You can check out my Easy DIY Painted Coffee Table project to see how simple it is to use this paint.
Because this type of paint is a chalk-base, it requires some sort of wax or finish to protect the chalk paint from coming off or being damaged. When you finish your aged terracotta pots, you will want to seal them in order to protect them from the sun, water, or any other possible damaging situations. This will keep the aged look intact and will prevent the spackle and paint from wearing.
Step 1: Apply Spackle
I first applied the sheetrock spackle with a paper towel. I began by dipping it into the spackle tub and getting a generous amount on the paper towel. Then I used a dabbing motion creating thick, built up spots. I wanted to recreate the look of layers of build up as if it would have sat collecting them for years.
I let the spackle sit for about 15 minutes to set up and dry. I tested it to see if it was hard enough and then I added more in areas that I felt like it needed more.
Step 2: Apply Chalk Paint
When the layers of spackle were dry, I applied watered down chalk paint with a paper towel. I used a 3:1 ratio of water and paint. Three parts paint, to one part water. So if I did three tablespoons of paint, I would add in one tablespoon of water. I wanted it to be watered down enough, but not too watery.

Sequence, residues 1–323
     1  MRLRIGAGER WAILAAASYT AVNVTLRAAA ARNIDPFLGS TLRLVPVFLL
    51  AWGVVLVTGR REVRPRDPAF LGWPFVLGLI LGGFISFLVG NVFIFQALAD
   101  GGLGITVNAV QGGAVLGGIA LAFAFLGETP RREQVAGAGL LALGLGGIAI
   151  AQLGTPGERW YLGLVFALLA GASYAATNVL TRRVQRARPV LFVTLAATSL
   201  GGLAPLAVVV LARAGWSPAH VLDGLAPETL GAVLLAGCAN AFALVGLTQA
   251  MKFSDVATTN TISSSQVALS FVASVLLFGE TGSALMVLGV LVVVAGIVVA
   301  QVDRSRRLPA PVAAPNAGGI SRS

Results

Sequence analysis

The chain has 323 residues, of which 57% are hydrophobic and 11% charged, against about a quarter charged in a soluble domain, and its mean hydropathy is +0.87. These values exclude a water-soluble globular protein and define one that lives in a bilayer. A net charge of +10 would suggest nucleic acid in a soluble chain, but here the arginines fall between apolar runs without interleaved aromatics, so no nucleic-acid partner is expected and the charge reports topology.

I applied the watered down paint with a paper towel using a dabbing motion. At first I attempted to use a paint brush, but it just didn’t achieve the natural aged look I was going for. Using the paper towel gave it a more organic look.
When applying the paint, I used it very minimally at first because I knew that I could always add more if it didn’t look like it was enough. What I discovered is that less was more with the paint. It gave just a little bit of color, but what I was really loving was the texture that the spackle added.
Step 3: Apply Second Layer of Spackle